COVID-19 instilled a sense of urgency in business owners to implement safety protocols in order to protect their workers and customers. Essential Personal Protective Equipment (PPE) such as face masks, gloves, and hand sanitizers, was in short supply, and this caused the price to surge. During the first few weeks of the pandemic, we witnessed price gauging and a shortage of basic necessities such as face masks and toilettes.
The worldwide production capacity increased, and pharmacies took hold of new supplies, hence the price started to normalize in recent weeks, and most of the general public now wear face masks. This begs the question: Should employees be allowed to wear their own masks voluntarily? Should all employees wear identical masks, or should they be allowed to bring their own masks?
This post will focus on the employer-vs-employee relationship during the pandemic, and how business owners should prepare for the future. While employers are legally obliged to supply PPE to workers, many of them might refuse to wear protective equipment or choose to bring their own. Where does the responsibility lie when it comes to the workplace?
EEOC PPE Guidelines
The US Equal Employment Opportunity Commission (EEOC) recently released guidelines that mandate that all business owners must provide their employees with essential protection, such as face masks, gloves, or gowns which reduce the transmission. This doesn’t only apply to healthcare workers but other essential workers as well.
If your business relies on interaction with the public, such as a retail store or a food store, you should consider purchasing high-level protection for your employees. This includes respirator masks, such as DittoMask, which contain filtration systems that filter virus particles. The Centers for Disease Control and Prevention (CDC) does not impose any legal requirements on businesses or individuals – while they recommend we wear face masks where social distancing is not possible, this is not a legal requirement.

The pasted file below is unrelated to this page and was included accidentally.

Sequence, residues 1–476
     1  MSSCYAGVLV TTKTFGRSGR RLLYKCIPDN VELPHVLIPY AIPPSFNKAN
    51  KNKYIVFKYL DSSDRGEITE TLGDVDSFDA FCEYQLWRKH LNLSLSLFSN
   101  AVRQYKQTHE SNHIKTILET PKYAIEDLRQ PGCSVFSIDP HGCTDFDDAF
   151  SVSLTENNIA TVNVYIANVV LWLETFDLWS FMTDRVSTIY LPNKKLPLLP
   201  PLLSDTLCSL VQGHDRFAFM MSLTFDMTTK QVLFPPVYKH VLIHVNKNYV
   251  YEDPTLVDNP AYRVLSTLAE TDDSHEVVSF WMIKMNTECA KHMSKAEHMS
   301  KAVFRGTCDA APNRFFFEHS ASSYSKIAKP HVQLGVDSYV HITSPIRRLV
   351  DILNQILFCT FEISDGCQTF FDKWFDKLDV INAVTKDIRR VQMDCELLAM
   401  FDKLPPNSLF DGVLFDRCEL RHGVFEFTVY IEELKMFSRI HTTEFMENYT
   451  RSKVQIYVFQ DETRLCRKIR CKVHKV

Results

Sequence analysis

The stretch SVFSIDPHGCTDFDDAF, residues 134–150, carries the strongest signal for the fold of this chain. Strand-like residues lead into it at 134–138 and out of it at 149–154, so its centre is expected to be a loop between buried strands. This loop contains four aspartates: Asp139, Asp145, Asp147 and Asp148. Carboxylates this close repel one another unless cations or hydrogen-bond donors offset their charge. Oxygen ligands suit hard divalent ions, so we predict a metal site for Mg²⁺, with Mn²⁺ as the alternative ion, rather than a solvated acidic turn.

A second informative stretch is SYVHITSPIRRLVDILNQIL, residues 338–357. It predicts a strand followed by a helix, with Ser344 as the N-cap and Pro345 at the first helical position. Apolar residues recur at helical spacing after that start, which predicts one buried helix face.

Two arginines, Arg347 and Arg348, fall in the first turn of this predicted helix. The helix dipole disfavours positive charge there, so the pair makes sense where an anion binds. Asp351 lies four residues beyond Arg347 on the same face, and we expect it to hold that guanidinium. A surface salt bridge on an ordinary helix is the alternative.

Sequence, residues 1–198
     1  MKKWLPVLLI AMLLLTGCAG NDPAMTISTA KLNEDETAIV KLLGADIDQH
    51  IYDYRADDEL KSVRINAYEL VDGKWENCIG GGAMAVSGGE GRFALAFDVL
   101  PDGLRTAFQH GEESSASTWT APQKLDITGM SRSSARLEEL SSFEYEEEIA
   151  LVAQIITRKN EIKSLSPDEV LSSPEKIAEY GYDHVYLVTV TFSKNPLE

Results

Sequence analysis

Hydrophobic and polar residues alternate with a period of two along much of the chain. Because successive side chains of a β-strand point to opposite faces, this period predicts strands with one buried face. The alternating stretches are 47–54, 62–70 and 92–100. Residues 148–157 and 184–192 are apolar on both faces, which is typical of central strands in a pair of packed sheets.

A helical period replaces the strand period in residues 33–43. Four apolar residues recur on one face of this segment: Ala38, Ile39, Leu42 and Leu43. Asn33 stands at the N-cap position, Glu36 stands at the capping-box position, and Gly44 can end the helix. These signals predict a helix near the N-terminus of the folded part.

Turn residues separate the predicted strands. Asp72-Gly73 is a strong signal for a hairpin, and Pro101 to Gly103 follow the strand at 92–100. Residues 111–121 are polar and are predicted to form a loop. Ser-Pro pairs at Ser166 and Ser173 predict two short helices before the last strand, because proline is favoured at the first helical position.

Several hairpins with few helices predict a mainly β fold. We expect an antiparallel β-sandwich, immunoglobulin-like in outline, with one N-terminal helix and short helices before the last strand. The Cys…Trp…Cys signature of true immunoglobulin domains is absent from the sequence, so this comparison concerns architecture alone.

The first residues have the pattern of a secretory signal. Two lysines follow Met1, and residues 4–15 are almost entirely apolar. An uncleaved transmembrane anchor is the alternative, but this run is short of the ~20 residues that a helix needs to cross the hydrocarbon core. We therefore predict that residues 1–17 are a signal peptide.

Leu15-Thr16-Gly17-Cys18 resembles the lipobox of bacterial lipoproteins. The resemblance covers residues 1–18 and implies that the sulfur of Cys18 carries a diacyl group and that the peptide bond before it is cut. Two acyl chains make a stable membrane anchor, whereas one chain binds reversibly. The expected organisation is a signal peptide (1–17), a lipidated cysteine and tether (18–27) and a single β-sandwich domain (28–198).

Depending on your state, you may have to provide additional PPE. States all across the US take their own approach to the pandemic. Each governor may mandate their own requirements for facial protection for workers. The most essential piece of PEE is face protection, because the virus spreads by inhaling the particles.
In order to protect the workplace and the public at large, all employees must wear a face mask. As a business owner, you can opt for 2 types of face masks: Surgical masks or respirator masks. The issue with surgical masks is that employees must discard them after a single use, which means you’ll have to replenish your stock daily or weekly. If you purchase respirator masks, your employees can re-use them indefinitely. One such mask is DittoMask.
Develop a Policy On Face Masks
Business owners are finding it difficult to implement safety standards in the workplace, because the suggestions and protocols are changing daily. This makes it hard to keep up, and employers must go the extra mile to communicate these new policies to their employees. It’s better to change your existing policies than not have an emergency plan. Every time you develop a new policy, you should have a legal team ready to back the policy, and implement it through the human resources department to make sure all workers are compliant.
The businesses’ policy on face masks has to be based on guidelines supplied by the CDC and the state regulations. Start by checking your state government’s website and find out whether there are special guidelines or requirements for the workplace in your state. The key here is to implement an effective policy where all employees wear face masks. The specifics of the plan should vary based on your current resources and long-term plans.